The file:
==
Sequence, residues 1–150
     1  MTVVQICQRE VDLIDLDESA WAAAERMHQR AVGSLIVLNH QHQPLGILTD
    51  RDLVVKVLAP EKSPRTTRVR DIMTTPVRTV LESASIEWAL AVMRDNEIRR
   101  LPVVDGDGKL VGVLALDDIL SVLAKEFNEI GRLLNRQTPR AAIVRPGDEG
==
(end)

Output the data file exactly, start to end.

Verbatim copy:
Sequence, residues 1–150
     1  MTVVQICQRE VDLIDLDESA WAAAERMHQR AVGSLIVLNH QHQPLGILTD
    51  RDLVVKVLAP EKSPRTTRVR DIMTTPVRTV LESASIEWAL AVMRDNEIRR
   101  LPVVDGDGKL VGVLALDDIL SVLAKEFNEI GRLLNRQTPR AAIVRPGDEG